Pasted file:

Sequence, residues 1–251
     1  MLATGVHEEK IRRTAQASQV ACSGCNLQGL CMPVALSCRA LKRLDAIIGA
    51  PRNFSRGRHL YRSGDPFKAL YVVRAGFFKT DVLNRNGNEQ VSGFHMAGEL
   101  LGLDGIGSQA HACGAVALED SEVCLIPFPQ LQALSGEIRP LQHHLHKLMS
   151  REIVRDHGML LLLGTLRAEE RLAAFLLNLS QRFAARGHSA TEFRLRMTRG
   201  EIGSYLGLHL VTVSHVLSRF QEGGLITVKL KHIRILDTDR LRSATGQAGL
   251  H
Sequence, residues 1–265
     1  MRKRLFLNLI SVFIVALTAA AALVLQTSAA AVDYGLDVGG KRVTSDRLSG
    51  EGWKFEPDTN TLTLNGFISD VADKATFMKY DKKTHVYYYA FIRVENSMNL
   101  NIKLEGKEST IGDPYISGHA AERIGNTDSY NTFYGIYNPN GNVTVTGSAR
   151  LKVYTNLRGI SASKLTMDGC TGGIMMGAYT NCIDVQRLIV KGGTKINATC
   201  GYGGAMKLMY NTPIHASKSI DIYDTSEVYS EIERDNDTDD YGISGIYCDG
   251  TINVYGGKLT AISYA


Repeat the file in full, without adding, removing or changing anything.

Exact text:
Sequence, residues 1–251
     1  MLATGVHEEK IRRTAQASQV ACSGCNLQGL CMPVALSCRA LKRLDAIIGA
    51  PRNFSRGRHL YRSGDPFKAL YVVRAGFFKT DVLNRNGNEQ VSGFHMAGEL
   101  LGLDGIGSQA HACGAVALED SEVCLIPFPQ LQALSGEIRP LQHHLHKLMS
   151  REIVRDHGML LLLGTLRAEE RLAAFLLNLS QRFAARGHSA TEFRLRMTRG
   201  EIGSYLGLHL VTVSHVLSRF QEGGLITVKL KHIRILDTDR LRSATGQAGL
   251  H
Sequence, residues 1–265
     1  MRKRLFLNLI SVFIVALTAA AALVLQTSAA AVDYGLDVGG KRVTSDRLSG
    51  EGWKFEPDTN TLTLNGFISD VADKATFMKY DKKTHVYYYA FIRVENSMNL
   101  NIKLEGKEST IGDPYISGHA AERIGNTDSY NTFYGIYNPN GNVTVTGSAR
   151  LKVYTNLRGI SASKLTMDGC TGGIMMGAYT NCIDVQRLIV KGGTKINATC
   201  GYGGAMKLMY NTPIHASKSI DIYDTSEVYS EIERDNDTDD YGISGIYCDG
   251  TINVYGGKLT AISYA